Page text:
washingtonpost.com  > Technology > Special Reports > MCI

Qwest's MCI Bid Born of Need to Expand Its Base

By Yuki Noguchi
Washington Post Staff Writer
Friday, April 8, 2005; Page E01

Qwest Communications International Inc., hot to outbid a rival and acquire a big telecommunications company, boasted that its offer was "obviously superior."

"Qwest offers greater reliable synergies and upside potential," the company's chairman and chief executive said.

Qwest CEO Richard Notebaert said buying MCI could result in $15 billion in savings. (David Zalubowski -- AP)

_____Post 200 Profile_____
Verizon Communications Inc.
Stock Quote and News
Historical Chart
Company Description
Analyst Ratings
_____Related Articles_____
Verizon Agrees to Buy Stake Of MCI's Biggest Shareholder (The Washington Post, Apr 10, 2005)
AOL to Introduce Internet Phone Service (The Washington Post, Apr 7, 2005)
Some Shareholders Criticize MCI Decision (The Washington Post, Apr 7, 2005)
MCI Again Rejects Qwest Merger Offer (The Washington Post, Apr 6, 2005)
More Company News
_____Post 200 Profile_____
MCI Inc.
WorldCom Q&A
WorldCom History
_____MCI Coverage_____
Some Shareholders Criticize MCI Decision (The Washington Post, Apr 7, 2005)
MCI Again Rejects Qwest Merger Offer (The Washington Post, Apr 6, 2005)
MCI Encourages Qwest To Reopen Merger Talks (The Washington Post, Apr 2, 2005)
Story Archive and Company Background

Those claims are not a recent rationale for buying MCI Inc. They date to mid-summer 1999, when Qwest and Joseph P. Nacchio, who was chief executive then, fought for and won regional telephone provider US West Inc. for $41.5 billion in stock. The merged company was hailed as a technology powerhouse for the future, offering "integrated wireline and wireless services, and broadband and Internet capabilities that are truly cutting edge."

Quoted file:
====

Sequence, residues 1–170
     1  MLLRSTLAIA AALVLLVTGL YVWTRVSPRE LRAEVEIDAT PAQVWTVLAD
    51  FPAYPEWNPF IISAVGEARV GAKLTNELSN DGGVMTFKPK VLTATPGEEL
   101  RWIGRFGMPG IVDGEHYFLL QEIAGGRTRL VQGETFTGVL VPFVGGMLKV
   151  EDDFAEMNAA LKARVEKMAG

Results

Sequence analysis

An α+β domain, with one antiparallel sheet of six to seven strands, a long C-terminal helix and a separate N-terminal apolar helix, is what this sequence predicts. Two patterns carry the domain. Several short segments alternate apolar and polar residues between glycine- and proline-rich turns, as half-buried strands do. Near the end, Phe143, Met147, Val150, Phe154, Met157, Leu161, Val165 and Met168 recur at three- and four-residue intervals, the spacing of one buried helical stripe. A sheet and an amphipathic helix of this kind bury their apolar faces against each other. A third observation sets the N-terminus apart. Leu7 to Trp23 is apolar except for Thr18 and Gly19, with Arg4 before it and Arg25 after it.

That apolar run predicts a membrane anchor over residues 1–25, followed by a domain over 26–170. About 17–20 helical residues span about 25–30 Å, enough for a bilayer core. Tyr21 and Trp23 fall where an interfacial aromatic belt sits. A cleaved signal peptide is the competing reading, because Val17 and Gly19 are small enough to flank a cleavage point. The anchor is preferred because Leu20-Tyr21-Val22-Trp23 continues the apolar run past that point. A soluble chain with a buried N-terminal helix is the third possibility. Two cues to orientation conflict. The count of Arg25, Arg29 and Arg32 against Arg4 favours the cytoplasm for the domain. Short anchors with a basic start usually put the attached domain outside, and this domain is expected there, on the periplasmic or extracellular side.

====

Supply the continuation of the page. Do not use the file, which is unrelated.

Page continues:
Echoes of that battle can be heard as Denver-based Qwest tries to win control of MCI. In repeated letters to MCI's board of directors, Qwest's current chief executive, Richard C. Notebaert, has attacked MCI's deal with rival Verizon Communications Inc., declaring Qwest's bid to be superior because it is higher and because it could reap more savings. MCI shareholders would also own nearly 40 percent of a combined MCI-Qwest -- far more than the 4 percent they would own in a combined MCI-Verizon, he said.

But Qwest is a very different company from what it was in 1999. It is heavily in debt, has little cash, and weathered a crippling accounting scandal. Its traditional business is shrinking and it sold US West's cellular phone business, which means it isn't a technology powerhouse with both wireless and land-line services.

It is largely those business dynamics that have pushed Qwest to pursue MCI: A deal would give Qwest more cash, a profitable customer base, and the size and national scope it claims it needs to compete with other big telecommunications companies.

It also is the state of Qwest's current business that appears to be the chief reason MCI has given Qwest a chilly reception despite its persistent overtures.

Qwest made an initial offer for Ashburn-based MCI and has raised it twice, and all three times it has been spurned. Now, the company is considering retooling its offer or soliciting shareholder support for a hostile takeover.

Qwest's dogged pursuit of MCI did not surprise many analysts. Notebaert said Qwest can reap $14.8 billion in savings out of a merger with MCI, largely by cutting as many as 15,000 jobs.

Qwest is more than $17 billion in debt and wants MCI's $5.5 billion in cash and cash equivalents to help offset it.

CONTINUED    1 2 3    Next >

© 2005 The Washington Post Company